or symbols that communicate authority (experimenter clothes, police and military uniforms..),
etc. The idea is that authority is in the appearance.

Entry into the Authority System

Second condition for going into the agentic state is defining a person as the part of the
authority system. We can recognize an authority of a Colonel while he is shouting “Left face”,
but if we do turn left then we have defined him as authority figure for us and also defined
ourselves as subordinate to his command. There is a space of authority (a classroom,
laboratory, office..) and by being there voluntarily the individual have a feeling of obligation
and commitment into staying in this obedience roll. This voluntary is internalized basis for

Coordination of Command with the Function of Authority

A command that comes from the perceived source of social control has to be logically
linked to the general function of that social organization (military captain order a solder to run
with his rifle and not to embrace his girlfriend). Subjects believe that authority knows more
than them.

The Overarching Ideology

There is mechanism that is a function of legitimate justification of experiment.

Milgram writes about different institutions (church, business, school, military, government..)
and how they control subjects that see them as legitimate part of the world. Science use
ideology in the same way. Ideological justification is vital in obtaining willing obedience says
Milgram. Experiment is an authority system with experimenter, equipment, “mystic” science,
etc., and all that serves as ideological justification for subject to participate willingly. By this
account, experimenter not only can but should have authority and control.

The Agentic State

What are the properties of the agentic state, and its consequences for the subject?

There is a change in the subject self in the relation to the experimenter. He wants to
perform well before the central figure.

Process of tuning occurs in the subject. Information from the learners is lowered and
focus is on the authority figure (for example, in the office meeting, suggestions of the
colleagues can be ignored and at the same time, some of those suggestions, while repeated by
the boss is well heard with enthusiasm). This is natural, because person of authority has the
power to punish his subordinates so they quickly adapt to this mechanism. Because of this,
authority becomes something extra human, while other subjects are perceived sometimes as
obstacles and with lower significance. It is all about pleasing the authority.

Redefining the Meaning of the Situation

Here, Milgram talks about control and ideology. He thinks that every situation has a
kind of ideology. And what is more important, subjects accept that the meaning of the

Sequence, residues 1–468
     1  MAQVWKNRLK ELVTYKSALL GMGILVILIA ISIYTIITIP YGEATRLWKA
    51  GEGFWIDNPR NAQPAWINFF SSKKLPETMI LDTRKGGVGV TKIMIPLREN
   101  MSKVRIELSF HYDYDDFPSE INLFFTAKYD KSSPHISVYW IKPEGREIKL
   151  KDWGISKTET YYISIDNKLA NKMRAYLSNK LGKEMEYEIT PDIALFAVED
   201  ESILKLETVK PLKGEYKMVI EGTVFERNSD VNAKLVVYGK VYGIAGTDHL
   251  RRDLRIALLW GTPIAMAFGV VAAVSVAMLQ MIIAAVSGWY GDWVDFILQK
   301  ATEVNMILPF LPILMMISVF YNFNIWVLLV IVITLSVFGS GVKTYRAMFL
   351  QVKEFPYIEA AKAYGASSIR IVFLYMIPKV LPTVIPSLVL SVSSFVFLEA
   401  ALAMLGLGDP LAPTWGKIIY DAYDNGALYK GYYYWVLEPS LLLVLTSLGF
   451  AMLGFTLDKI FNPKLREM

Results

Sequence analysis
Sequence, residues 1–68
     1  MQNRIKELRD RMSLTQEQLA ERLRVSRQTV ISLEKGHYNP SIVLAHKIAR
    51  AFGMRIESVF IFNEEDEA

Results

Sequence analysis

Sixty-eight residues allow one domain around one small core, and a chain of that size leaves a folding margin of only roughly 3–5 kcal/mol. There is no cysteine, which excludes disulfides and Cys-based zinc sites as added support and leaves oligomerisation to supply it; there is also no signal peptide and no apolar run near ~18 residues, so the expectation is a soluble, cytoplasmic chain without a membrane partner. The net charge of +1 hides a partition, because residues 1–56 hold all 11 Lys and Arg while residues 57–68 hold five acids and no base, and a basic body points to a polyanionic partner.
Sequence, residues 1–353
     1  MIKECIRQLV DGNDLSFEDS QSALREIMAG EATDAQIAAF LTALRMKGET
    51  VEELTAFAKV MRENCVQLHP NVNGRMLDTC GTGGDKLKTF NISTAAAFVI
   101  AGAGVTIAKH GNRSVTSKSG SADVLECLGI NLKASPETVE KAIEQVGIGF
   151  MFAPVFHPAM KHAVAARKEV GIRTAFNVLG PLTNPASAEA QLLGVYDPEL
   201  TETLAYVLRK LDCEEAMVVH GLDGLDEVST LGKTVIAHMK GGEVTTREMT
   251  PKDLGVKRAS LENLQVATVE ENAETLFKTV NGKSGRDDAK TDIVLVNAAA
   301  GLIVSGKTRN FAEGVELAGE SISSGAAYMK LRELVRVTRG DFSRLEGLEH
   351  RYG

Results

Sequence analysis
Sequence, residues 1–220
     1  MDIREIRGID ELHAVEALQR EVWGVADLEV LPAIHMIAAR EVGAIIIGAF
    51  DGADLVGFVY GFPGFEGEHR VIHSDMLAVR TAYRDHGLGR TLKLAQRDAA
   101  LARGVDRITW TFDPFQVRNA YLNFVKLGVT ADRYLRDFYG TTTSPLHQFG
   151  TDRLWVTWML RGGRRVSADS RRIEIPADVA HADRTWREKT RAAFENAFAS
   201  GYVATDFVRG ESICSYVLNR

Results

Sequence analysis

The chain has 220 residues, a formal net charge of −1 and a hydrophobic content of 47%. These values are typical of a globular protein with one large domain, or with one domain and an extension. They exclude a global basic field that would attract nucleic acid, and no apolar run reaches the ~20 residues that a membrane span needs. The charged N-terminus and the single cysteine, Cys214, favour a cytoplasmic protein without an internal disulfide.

situation is the interpretation of those of authority. Subjects accept that even their behavior as
a part of the defined situation is interpreted by authority figure.

Loss of Responsibility

The consequence of being in the agentic state is that a subject has responsibility for the
authority but have no responsibility for the content of authority demands. Individual in a sense
acquire different moral compass. When confronted with accusation of doing something
morally wrong, most frequent defense is that the individual was just doing his job. Subject
had a sense that there actions came from something external and not from their “the self”. It is
as the subjects think that their acts are product of authority motives. Superego is gone and
now, the action is evaluated in terms of how well did they performed in the authority system.
Those inhibitory mechanisms are not limited by conscience. This is why a normal person in
circumstances outside authority system feels bad about killing people, but in the army, when
confronted with an order to kill people he is not that distasteful.


In having a self-image, person has to be aware what others think about himself. Ego is
an important inhibitory regulatory source. In agentic state, because the motives are not the
motives of that individual, there is no need for self-image fulfillment. So, action could be
terrible but this self-image stops being a system of evaluation and prevention. Action is
without moral assessment for individual.

Commands and the Agentic State

Commands are triggers for action. Command consists of 1) definition for action and 2)
imperative for execution. A command leads to specific acts of obedience and obedience is a behavioral
aspect of agentic state.

Binding Factors

When the individual is in the agentic state, there has to be something that will give the
stability to the system and extend the state. Although the individual is assessing his space for
action he is in the inner struggle and in the end he continues to act in accord with
experimenter’s commands.

Sequential Nature of the Action

Initial act is the product of obedience and the purpose of experimenter’s additional
commands are perseverative. When subject is, for example, producing more pain to another
subject if he stops he will admit that this action was not justified in the first place.

Situational Obligations

Here, Milgram writes about social occasions as a behavior regulator. If subject refuses
to do what the experimenter demands he will break “the deal” and his obligations, as he see it.
Milgram mentions sociologist Erving Goffman and his idea of consensus of the participants of social
situation. Participants agree on the definition of the social situation and every disruption is viewed as
moral transgression. In refusing to obey the command of the experimenter, subject is violating the
experimenter’s self-definition. It is painful to show disobedience. Individuals tend to respect the
definition of the situation presented by another.


Anxiety could be defined as the fear of the unknown. One of the basic rules of social life is
respect of authority. Breaking that rule creates anxiety.